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Issue 19 - UKOTCF

Issue 19 - UKOTCF

EDUCATING TO SAVE SEA

EDUCATING TO SAVE SEA TURTLES The Bermuda Turtle Project organises another successful course on the biology and Conservation of Sea Turtles By Jennifer Gray, Bermuda Aquarium Museum Zoo (BAMZ) Head Aquarist & Bermuda Turtle Project Co-ordinator The goal of the Bermuda Turtle Project is to conserve sea turtles through research and education. From August 7-19, 2000, those words were once more transformed into action in a productive research field session combined with the finest style of learning one can experience. The project now has 40 records of sea turtles tagged in Bermuda, which have travelled overseas and been captured in distant waters. The majority of them show up in Mosquito Keys, Nicaragua, one of the grandest feeding grounds known for green turtles of all sizes. Others have been captured in Venezuela, Cuba, Dominican Republic and other islands of the Caribbean. Distressingly, all of these long-distance recaptures, were animals that were killed for their meat and the tags turned in later for the offered reward. This is only one example of the many problems facing sea turtles and it highlights the need for international co-operation in their ultimate protection. This year, the course run by the Bermuda Turtle Project focused on an effort to share our knowledge and our project with individuals from sea turtle range states. With money generously donated by Chevron International Limited, students from developing countries were selected to travel to our breathtaking island for a unique in-water learning opportunity. International Co-operation Chevron-sponsored students were chosen by Karen Eckert, director of the Wider Caribbean Sea Turtle Conservation Network (WIDECAST), based on the needs of their homelands and the devotion of the individuals or their organisations to sea turtle conservation. The Bermuda Turtle Project course fit nicely into the WIDECAST mission ‘to reverse the declining trend in wider Caribbean sea turtle populations by promoting a region-wide capability to design and implement scientifically sound sea turtle conservation measures’. Hedelvy Guada, Gijs van Hoom and Dean Domacasse were the WIDECAST candidates of choice. Ben Godsall, a high school student from the United Kingdom; Tamara Collins, a biotechnology student from Massachusetts; and Elizabeth Metz, an employee from the Mote Marine Lab in Florida, were attending students sponsored by the Friends of the Bermuda Aquarium. Our Bermuda Biodiversity Project summer students, Matt Hammond, Micha Simons and Neil Cattell, joined Janice Blumenthal, Hedelvy Guada holding a green turtle a college science major from the Cayman Islands, to fill the course. Class Work & Fieldwork Lectures and discussions were held daily either in the classroom or on the research vessel, as it cruised to the day’s sampling site. Topics included reproductive biology, physiology, population genetics, conservation problems and solutions, as well as observations at nesting, feeding and developmental habitats. Field research took place at 11 different sampling sites on the Island’s north platform. For the most part, green turtles, the focus of our study, are found on the sea grass flats along the coast, and dispersed among the ledge flat reefs of the North Shore. Hawksbill and Green Turtles Hawksbill turtles, like green turtles, arrive in Bermuda as juveniles and spend a portion of their life here in what we call a ‘developmental habitat’. We presume they 8 depart from our waters before reaching maturity to mature and reproduce elsewhere. Little is known about the hawksbills presence here, as they live in close association with the reef, often tucked away out of view in reef crevices or under ledges when not out dining on their preferred diet of sponge. The team captured a total of 66 sea turtles this session, ranging from a 24-cm. hawksbill to a 60.1-cm green turtle. Twenty-five of these turtles had been previously tagged by the project. One individual was first tagged in the same location 10 years ago. Another was tagged in 1993, following a treatment and recovery period at BAMZ, which undertakes wildlife rehabilitation. Days of inclement weather saw a reevaluation of our float plan from offshore to inshore sites. On one such day, when thunderstorms would not let-up, we instead headed to the aquarium for an applied lesson on sea turtle anatomy. Stranded dead specimens collected over the year at BAMZ were salvaged from the freezer, defrosted and laid out for necropsies. After a demonstration animal was dissected and assessed the students paired up to perform their own necropsies under the direction of the course instructors. By the end of the two-week period, there were many tales and sagas to be recounted: the most memorable involved a two-foot remora or shark sucker, which found its way into the swimsuit of an unwary snorkeller. There were also many bruised and scratched limbs, burnt, peeling and exhausted bodies, and weary factfilled brains. Still, all were wearing very big smiles as they each received certificates for successful completion of the course. When asked for single words to describe their experience the students responded with “exciting”, “exhilarating”, ”awesome”, ”informative”, ”worthwhile”, ”fun”, ”rewarding” and ”unforgettable!” For more information on the Green Turtle Project: www.bamz.org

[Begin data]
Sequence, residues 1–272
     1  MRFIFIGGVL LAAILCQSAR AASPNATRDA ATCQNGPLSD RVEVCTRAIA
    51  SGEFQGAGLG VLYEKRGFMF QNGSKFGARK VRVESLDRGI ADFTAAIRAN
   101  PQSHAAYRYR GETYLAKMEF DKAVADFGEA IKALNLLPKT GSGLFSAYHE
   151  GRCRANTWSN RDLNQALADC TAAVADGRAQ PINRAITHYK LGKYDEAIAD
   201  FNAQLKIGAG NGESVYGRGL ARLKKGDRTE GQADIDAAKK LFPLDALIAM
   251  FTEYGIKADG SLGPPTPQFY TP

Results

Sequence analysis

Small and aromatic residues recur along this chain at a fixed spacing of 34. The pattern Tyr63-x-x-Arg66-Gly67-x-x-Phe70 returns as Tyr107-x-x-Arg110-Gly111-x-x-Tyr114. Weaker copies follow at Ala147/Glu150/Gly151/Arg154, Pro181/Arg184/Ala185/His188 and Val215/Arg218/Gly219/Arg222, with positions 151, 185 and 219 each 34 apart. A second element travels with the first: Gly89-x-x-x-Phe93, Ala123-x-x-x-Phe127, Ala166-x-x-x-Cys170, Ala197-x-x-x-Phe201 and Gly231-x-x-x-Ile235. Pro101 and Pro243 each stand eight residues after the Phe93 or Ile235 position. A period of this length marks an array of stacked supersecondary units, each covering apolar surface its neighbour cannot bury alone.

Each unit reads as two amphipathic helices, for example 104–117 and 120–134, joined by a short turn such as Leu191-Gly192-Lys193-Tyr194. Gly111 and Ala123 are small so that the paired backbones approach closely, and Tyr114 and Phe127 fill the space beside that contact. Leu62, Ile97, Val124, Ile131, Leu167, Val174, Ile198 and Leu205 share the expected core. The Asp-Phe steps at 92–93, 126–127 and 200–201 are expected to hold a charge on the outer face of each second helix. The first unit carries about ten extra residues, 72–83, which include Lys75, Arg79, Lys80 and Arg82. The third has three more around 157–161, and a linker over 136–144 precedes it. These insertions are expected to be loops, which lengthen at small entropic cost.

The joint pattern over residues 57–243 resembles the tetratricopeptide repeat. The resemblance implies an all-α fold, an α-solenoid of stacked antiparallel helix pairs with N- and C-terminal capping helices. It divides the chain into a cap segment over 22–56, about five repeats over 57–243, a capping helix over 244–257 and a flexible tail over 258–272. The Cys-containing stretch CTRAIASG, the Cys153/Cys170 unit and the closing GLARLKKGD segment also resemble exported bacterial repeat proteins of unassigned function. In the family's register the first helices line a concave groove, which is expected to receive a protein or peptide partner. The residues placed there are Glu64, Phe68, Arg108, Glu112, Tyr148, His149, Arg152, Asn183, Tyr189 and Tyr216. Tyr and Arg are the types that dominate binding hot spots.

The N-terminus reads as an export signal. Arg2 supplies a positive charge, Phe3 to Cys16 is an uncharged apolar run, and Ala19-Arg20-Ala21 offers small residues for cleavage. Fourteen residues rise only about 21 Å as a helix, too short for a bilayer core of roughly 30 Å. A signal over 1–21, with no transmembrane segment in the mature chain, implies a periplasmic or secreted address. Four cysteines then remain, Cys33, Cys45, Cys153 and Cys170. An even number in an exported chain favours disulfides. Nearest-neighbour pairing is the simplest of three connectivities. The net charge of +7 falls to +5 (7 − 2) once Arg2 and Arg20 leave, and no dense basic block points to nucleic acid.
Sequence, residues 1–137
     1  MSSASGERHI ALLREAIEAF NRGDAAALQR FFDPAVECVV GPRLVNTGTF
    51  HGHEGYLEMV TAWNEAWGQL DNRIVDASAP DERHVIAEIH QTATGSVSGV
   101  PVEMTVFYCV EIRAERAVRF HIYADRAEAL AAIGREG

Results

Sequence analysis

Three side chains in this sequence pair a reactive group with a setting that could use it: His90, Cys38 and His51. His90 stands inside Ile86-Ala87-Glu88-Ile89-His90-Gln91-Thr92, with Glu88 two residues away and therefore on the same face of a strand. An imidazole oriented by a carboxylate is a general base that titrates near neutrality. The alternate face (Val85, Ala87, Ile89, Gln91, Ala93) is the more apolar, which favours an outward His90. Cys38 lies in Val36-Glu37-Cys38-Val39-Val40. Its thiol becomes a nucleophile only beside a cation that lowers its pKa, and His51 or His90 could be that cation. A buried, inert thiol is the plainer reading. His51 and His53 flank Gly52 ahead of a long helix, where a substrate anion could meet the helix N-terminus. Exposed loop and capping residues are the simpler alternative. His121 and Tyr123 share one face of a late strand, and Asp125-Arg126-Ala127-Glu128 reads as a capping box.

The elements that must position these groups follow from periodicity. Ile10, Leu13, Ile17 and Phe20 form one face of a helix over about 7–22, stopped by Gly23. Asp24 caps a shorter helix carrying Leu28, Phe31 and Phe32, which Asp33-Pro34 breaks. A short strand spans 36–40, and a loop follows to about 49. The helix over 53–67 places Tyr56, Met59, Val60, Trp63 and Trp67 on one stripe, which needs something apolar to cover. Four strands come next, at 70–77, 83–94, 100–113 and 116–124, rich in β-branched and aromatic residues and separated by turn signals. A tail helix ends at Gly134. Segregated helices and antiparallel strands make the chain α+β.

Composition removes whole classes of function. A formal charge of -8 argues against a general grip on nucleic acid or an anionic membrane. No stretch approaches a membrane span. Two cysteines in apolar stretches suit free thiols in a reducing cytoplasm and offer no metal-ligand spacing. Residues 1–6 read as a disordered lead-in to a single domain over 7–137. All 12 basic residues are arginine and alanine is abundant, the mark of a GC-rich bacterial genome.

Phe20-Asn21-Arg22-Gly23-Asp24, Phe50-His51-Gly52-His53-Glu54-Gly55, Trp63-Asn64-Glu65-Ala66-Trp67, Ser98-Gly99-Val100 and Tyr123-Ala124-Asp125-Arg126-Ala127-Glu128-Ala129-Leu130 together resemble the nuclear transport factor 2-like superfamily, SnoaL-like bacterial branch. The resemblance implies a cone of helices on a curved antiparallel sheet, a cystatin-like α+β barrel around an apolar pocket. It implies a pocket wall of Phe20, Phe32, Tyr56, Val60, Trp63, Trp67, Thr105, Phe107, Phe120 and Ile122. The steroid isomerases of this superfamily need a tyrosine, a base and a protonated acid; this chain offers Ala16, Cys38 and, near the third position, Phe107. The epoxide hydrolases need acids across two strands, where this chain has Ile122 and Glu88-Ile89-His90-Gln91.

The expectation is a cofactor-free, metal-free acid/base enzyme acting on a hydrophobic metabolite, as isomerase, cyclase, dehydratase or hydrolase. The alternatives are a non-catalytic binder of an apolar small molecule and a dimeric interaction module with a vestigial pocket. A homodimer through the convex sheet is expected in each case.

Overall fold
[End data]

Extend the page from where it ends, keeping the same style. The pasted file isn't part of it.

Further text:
ASCENSION ISLAND The Fort Hayse Museum on Ascension Island now has some dangerous inhabitants. A shark with snapping jaws and a hungry octopus have recently taken up residence along with four other interactive displays designed by the children of Two Boats School. Seven and eight year olds at the school took part in a project discovering more about the wildlife on Ascension with Rachel Sharp (RSPB Education Officer). Discovering what the shark ate for dinner The children’s designs were produced professionally by artist Mike Langman in the UK. As a celebration of the arrival of the new exhibits, the museum put on a special open morning attended by more than 150 people. Children proudly showed their parents how to inflate the Frigatebird’s pouch or discover the life-cycle of the Wideawake terns. Many people came to the museum who, despite living on the island for many years, had never before visited. Jerrylee Peters trying to make his gecko catch a fly While on Ascension Island Rachel continued her work with Two Boats School leading bird watching field trips for junior and senior students and leading demonstration lessons on migration, threats to Ascension Island’s Seabird and a discussion on the control of cats. The RSPB are looking at how to support the school with better resources on the local environment. Rachel Sharp RSPB Rachel visited Ascension Island between 10 to 18 October 2000 www.rspb.org.uk 9 CAMPAIGNING FOR ALBATROSSES IN 2001 In late January 2001 delegates from 20 countries with interests in the Southern Ocean will gather in Cape Town, South Africa for the second meeting to finalize an Albatross and Petrel Conservation Agreement under the terms of the Bonn Convention on Migratory Species (see Forum News 18: 3 of May 2000). The first successful meeting was held in Hobart, Australia in July 2000 and a deal of consensus was achieved, so it is hoped that the Cape Town will lead to the rapid adoption of an Agreement. A report of the Australian meeting along with the draft texts may be found at www.biodiversity.environment. gov.au/wildlife/conventions/albatross/index.html. The Agreement’s draft Action Plan sets out tasks and activities for signatory nations to take to improve the conservation status of albatrosses and petrels in the Southern Hemisphere. The species to be covered are those most severely affected by longline fishing, but the Agreement will also cover conservation issues such as eradicating alien predators at breeding islands, managing ecotourism, and reducing the effects of pollution (both chemical and entangling plastics). Collaboration of research and management activities and engendering support for developing nations will be an important part of the Agreement. Within a month of this meeting, the Committee on Fisheries of the Food and Agriculture Organization will meet in Rome, Italy to hear progress on the adoption of National Plans of Action to reduce seabird mortality from longline fishing. To date, no country has formally adopted a National Plan, but activities are underway in a number of countries. New Zealand and the USA have draft plans out for public review and revision, and work has commenced on plans in Brazil, Canada, Japan, Norway and South Africa, as well as in others. BirdLife International will also be active in saving seabirds in 2001. In August 2000, BirdLife’s Seabird Conservation Programme launched its “Save the Albatross Campaign: Keeping the World’s Seabirds off the Hook” at the British Birdwatching Fair. The full proceeds of the Fair, GBP 122 000, will go towards the costs of running the Campaign in 2001 and 2002. The Campaign has four major objectives: seeing National Plans of Action operating in longlining nations, the adoption of a strong Albatross and Petrel Agreement, halting the pirate fishing that kills so many birds in the Southern Ocean, and encouraging regional fishery agreements to take an “ecosystem approach” that takes account of seabirds. BirdLife will employ a Campaign Manager to run the Campaign in early 2001. Priority target countries for action include longlining nations in Asia and South America. In the UK Overseas Territories, Falklands Conservation is contributing to the Campaign by its work with albatross censuses and at-sea studies, garnering the information required on which to base sound management decisions. In the Tristan da Cunha group, government observers have started to go out on foreignlicensed longliners, and a researcher is studying Tristan and Atlantic Yellow-nosed Albatrosses on Gough Island in relation to longlining. It is expected that as 2001 progresses, more and more BirdLife partners will become involved with what is planned to be a truly global Campaign. Let’s hope that by the end of 2001, albatross and petrel populations are on the mend, due to the combined efforts of both governments and non-governmental organizations. John Cooper Coordinator, Seabird Conservation Programme, BirdLife International www.uct.ac.za/depts/stats/adu/seabirds